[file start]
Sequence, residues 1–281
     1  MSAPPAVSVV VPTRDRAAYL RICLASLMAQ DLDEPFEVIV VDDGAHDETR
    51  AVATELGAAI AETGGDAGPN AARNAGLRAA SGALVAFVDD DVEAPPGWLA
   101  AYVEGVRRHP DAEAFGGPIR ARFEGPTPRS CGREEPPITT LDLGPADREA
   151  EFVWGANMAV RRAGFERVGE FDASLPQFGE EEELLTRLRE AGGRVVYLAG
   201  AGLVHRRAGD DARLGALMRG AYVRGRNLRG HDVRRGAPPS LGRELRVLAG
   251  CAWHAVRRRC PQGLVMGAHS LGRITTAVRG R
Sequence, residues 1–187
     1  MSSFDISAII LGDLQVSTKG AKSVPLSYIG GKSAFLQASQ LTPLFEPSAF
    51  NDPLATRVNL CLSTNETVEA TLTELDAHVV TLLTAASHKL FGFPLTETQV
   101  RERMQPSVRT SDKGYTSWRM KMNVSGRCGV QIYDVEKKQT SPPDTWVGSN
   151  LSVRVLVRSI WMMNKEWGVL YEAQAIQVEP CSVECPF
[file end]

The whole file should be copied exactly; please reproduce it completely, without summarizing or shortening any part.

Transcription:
Sequence, residues 1–281
     1  MSAPPAVSVV VPTRDRAAYL RICLASLMAQ DLDEPFEVIV VDDGAHDETR
    51  AVATELGAAI AETGGDAGPN AARNAGLRAA SGALVAFVDD DVEAPPGWLA
   101  AYVEGVRRHP DAEAFGGPIR ARFEGPTPRS CGREEPPITT LDLGPADREA
   151  EFVWGANMAV RRAGFERVGE FDASLPQFGE EEELLTRLRE AGGRVVYLAG
   201  AGLVHRRAGD DARLGALMRG AYVRGRNLRG HDVRRGAPPS LGRELRVLAG
   251  CAWHAVRRRC PQGLVMGAHS LGRITTAVRG R
Sequence, residues 1–187
     1  MSSFDISAII LGDLQVSTKG AKSVPLSYIG GKSAFLQASQ LTPLFEPSAF
    51  NDPLATRVNL CLSTNETVEA TLTELDAHVV TLLTAASHKL FGFPLTETQV
   101  RERMQPSVRT SDKGYTSWRM KMNVSGRCGV QIYDVEKKQT SPPDTWVGSN
   151  LSVRVLVRSI WMMNKEWGVL YEAQAIQVEP CSVECPF